These come in the form of Exploding Snaps, which is like Memory but more spastic, Gobstones, which is like pool but more frustrating, and Wizard chess, which is like chess for wizards. Wizard chess is certainly the most fun. If you're not too familiar with the order of the back row, it can get a little confusing because the shapes are different than your standard chess pieces. Is that the queen or king? These things are important. At least you only have to beat your opponent once to win, unlike Gobstones, which requires three times to defeat the champion.

Graphics & Sound

There are no qualms with the graphics - they are truly stunning and mostly realistic representations of the characters. It looks like a majority of actors from the film voice the characters in the game as well. Go ahead and turn on the English subtitles, though, as it can be difficult to make out what they are saying otherwise. Also, the soundtrack will occasionally swell to a ridiculous volume even as people are talking.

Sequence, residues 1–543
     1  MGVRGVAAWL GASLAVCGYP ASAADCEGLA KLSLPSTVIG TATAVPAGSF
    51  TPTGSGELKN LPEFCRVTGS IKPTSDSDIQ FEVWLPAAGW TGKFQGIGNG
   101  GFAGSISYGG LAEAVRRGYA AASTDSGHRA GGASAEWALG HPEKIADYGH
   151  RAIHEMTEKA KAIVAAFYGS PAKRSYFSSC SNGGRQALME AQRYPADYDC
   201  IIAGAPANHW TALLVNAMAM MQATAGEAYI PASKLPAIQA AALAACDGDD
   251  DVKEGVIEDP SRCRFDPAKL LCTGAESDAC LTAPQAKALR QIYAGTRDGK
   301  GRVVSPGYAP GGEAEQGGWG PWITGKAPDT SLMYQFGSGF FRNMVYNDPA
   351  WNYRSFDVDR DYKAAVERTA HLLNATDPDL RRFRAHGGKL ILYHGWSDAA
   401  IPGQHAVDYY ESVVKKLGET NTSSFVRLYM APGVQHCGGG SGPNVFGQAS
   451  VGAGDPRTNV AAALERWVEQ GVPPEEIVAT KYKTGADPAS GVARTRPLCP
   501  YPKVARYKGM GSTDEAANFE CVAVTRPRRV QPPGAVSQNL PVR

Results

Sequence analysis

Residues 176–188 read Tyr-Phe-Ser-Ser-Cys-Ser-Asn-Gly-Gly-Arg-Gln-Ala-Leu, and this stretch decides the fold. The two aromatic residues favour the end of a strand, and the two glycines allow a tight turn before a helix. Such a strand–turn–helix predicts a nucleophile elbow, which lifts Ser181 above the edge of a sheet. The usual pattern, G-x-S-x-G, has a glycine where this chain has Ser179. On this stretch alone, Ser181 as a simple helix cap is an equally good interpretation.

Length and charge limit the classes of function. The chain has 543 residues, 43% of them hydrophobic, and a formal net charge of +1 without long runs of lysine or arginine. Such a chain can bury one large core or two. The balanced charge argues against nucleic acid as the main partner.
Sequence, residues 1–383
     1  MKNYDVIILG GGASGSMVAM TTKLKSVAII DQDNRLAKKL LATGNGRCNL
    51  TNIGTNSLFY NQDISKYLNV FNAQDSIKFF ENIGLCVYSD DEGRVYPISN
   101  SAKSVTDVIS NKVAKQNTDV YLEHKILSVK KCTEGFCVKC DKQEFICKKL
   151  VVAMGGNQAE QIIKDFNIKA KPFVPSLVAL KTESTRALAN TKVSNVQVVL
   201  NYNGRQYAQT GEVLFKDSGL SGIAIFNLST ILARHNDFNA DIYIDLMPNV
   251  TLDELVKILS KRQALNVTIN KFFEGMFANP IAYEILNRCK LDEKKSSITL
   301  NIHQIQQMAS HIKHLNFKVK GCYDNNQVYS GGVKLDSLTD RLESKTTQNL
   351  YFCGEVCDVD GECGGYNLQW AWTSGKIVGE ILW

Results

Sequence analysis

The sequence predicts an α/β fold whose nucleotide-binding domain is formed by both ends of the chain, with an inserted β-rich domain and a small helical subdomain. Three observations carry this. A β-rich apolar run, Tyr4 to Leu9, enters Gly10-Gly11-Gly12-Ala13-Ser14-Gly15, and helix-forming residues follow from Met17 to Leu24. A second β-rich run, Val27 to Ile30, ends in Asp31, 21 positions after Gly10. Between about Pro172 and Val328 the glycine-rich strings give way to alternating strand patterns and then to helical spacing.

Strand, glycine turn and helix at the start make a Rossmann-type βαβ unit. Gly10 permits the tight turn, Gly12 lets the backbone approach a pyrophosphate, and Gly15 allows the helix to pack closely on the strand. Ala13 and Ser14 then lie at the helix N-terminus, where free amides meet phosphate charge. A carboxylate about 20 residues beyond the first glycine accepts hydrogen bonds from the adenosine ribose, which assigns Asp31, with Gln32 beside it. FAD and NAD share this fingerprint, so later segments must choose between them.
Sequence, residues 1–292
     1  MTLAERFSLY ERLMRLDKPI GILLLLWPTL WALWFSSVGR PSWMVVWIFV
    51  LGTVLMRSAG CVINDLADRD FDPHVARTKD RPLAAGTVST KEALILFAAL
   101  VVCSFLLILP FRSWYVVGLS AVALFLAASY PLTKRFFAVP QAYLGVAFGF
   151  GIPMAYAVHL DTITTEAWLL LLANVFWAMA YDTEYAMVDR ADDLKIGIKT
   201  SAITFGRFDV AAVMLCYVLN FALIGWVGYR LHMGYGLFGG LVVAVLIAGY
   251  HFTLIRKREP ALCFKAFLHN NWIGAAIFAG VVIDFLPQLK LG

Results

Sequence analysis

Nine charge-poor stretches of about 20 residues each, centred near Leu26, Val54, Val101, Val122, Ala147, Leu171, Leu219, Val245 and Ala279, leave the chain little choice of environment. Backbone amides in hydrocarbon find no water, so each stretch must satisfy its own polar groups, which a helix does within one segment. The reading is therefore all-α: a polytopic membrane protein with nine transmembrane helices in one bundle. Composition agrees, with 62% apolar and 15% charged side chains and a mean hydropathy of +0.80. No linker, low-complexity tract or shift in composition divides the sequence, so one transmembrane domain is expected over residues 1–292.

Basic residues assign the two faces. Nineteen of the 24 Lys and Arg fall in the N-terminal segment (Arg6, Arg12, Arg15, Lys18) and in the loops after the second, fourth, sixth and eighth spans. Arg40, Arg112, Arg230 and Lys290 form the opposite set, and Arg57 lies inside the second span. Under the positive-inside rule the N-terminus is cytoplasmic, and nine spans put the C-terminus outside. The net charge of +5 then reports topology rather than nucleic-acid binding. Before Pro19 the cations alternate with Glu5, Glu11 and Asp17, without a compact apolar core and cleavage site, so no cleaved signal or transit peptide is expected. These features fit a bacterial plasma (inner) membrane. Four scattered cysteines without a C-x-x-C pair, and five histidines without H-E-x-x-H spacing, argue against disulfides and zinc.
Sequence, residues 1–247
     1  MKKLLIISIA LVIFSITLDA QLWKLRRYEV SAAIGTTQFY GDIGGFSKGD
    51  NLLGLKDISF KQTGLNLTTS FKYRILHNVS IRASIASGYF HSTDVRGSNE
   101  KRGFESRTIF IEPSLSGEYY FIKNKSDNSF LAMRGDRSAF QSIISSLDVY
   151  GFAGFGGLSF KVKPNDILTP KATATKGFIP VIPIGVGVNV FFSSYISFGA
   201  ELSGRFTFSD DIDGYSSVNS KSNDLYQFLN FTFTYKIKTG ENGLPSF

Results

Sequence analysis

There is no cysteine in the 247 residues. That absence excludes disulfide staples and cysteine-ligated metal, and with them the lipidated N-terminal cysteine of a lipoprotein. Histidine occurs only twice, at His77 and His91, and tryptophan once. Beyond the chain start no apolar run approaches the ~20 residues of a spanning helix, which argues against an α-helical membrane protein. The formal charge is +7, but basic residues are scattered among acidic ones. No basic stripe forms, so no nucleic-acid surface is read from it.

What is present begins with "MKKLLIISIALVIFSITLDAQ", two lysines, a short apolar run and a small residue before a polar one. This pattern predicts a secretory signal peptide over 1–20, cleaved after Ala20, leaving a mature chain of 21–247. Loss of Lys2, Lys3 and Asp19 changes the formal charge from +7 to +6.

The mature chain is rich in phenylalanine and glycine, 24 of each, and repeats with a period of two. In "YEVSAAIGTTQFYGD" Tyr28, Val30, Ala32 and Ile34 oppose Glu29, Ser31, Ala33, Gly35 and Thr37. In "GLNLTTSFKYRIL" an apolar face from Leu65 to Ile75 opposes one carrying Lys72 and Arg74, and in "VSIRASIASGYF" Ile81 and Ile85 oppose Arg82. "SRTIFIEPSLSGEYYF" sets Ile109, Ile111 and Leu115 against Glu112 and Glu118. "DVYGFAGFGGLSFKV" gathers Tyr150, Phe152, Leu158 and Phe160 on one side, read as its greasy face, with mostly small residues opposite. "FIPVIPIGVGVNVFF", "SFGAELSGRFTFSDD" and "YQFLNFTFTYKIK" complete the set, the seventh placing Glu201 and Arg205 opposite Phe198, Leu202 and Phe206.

It's relatively easy to get all the achievement points on this one, but you must start out at the hardest difficultly level unless you want to play more than once. probably don't. Once you "beat" the game you are sent back to Hogwarts to explore, so you can pick up the rest of the achievements by revisiting all the areas and finding everything that's left.

Is it worth buying as a bargain basement game?

Despite the aggravating aspects of the game, it's still addictive and ideal if you're looking for a large area to explore in depth. It's also slow paced, for the slow paced among us. If you're looking for exciting battles, this game doesn't deliver. If you're looking for achievement points, this will do the trick. It's arguably not worth buying at full price, but it's easy to get more than $10 worth of game play into this one.

--Erin Pawlus
August 17, 2009